Also the Mamlûk decks were likely used for similar games: the quality of the surviving cards suggests that they were made for players of high social rank, who very unlikely gambled for money; on top of this, gambling is a practice frowned upon by the Islâm.
The use of inverted ranks for different suits appears to be another common feature. It is found in some Chinese games, as well as in some European ones of ancient origin; we cannot tell wether this also occurred in games played by the Mamlűks, but since it is commonly accepted that these decks were the base upon which European patterns were created, we may reasonably believe that the dual ranking criterium was adopted everywhere.
Similarities may also be sought between the Indian suit signs (particularly the ones found in Dasavatara sets) and those of Mamlûk decks; despite the quantitative difference on the two sides - twelve suits versus the "usual" four, respectively - the presence among the Ganjifa signs of Coins (two different), Water-jugs, Swords and Clubs almost matches the Coins, Cups, Swords and Polo-sticks which form the other system.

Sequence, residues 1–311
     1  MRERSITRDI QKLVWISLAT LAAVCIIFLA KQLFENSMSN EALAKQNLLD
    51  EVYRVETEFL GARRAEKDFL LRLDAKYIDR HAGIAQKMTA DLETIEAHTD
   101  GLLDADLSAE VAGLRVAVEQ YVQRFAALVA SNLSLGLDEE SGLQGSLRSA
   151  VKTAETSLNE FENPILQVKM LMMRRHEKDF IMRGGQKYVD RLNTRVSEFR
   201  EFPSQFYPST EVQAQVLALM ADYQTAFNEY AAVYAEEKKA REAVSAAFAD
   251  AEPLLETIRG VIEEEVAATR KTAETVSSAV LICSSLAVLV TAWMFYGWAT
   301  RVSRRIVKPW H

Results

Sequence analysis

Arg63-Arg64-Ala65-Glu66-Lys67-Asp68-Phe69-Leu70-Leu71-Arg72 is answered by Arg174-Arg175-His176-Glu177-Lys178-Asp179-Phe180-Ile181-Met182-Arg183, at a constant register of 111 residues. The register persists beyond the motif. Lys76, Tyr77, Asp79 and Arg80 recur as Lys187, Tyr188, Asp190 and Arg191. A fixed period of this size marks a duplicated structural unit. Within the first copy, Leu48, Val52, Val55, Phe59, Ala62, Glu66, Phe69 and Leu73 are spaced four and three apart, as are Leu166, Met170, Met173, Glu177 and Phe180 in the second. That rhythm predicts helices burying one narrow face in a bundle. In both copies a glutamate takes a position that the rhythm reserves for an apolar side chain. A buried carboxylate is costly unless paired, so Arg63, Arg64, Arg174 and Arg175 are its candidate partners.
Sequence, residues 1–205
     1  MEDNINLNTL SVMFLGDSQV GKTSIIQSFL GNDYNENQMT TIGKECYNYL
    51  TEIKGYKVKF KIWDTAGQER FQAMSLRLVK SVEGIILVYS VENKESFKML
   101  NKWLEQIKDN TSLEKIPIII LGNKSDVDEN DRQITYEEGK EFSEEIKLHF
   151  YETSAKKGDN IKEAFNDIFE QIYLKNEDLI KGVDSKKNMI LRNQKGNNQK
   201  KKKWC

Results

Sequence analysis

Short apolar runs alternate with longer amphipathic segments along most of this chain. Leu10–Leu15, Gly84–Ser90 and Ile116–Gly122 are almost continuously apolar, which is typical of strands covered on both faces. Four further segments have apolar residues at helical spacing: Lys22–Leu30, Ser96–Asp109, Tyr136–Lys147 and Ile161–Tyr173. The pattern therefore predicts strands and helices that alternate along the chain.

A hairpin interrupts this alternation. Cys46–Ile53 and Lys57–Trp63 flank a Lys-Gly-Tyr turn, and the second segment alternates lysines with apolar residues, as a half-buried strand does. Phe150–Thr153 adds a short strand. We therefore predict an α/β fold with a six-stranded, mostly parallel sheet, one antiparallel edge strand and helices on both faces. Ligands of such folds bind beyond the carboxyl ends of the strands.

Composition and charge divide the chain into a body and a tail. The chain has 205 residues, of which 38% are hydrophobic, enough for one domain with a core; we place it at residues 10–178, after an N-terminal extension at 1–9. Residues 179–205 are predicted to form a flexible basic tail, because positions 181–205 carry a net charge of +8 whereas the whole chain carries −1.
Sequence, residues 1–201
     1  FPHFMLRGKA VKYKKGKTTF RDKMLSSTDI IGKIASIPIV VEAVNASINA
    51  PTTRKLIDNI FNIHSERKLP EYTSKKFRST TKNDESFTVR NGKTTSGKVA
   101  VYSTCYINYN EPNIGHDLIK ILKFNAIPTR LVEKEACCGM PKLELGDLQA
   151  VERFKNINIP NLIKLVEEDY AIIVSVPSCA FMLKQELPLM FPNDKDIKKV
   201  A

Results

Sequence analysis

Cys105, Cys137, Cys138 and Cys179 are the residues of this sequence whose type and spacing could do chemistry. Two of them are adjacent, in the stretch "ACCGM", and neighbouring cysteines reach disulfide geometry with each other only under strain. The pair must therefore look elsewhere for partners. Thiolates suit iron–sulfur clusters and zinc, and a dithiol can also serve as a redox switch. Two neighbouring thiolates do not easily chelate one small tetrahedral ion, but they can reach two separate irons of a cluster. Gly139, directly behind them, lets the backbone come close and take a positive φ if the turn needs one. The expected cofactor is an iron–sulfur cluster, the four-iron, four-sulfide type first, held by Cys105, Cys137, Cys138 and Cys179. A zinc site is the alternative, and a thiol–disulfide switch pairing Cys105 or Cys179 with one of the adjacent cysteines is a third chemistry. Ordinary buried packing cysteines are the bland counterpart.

The structure of the Indian sets includes court cards, a further element in common with Mamlûk decks, but the latter had three in each suit while Ganjifa has only two; furthermore, due to the Islamic codes, the Arabic subjects were only featured as the written names of their rank and suit, while the Indian personages are fully portrayed.
Chinese money-suited patterns, instead, have no such ranks, although in some games their honour cards may be added to the highest or to the lowest pip cards of given suits, in order to form a longer sequence, thus acting de facto as courts.
Therefore, the Arabic cards and the Indian ones appear indeed related, yet not too closely. A reason for this may be that such connection was filtered through Persia, both a geographic and cultural pivot wedged among the Arabic, Central Asian and Indian worlds.
More Ganjifa patterns may be seen in the following pages of the I.P.C.S.'s website:
Sawantwadi Dasavatara Sawantwadi Moghul Nossam Dasavatara.
Another page from the same website, Sawantwadi French Suited Pattern, shows interesting samples of "hybrids" that blend Ganjifa with European decks. The cards are round, the graphic style is Indian, but the suits are French. Such decks came into use in limited areas on the country's western coast, following the trading routes that came particularly from Portugal and from the Netherlands.
Also "hybrid" patterns with Spanish (Portuguese) suits were produced, though much scarcer than the ones with French suits.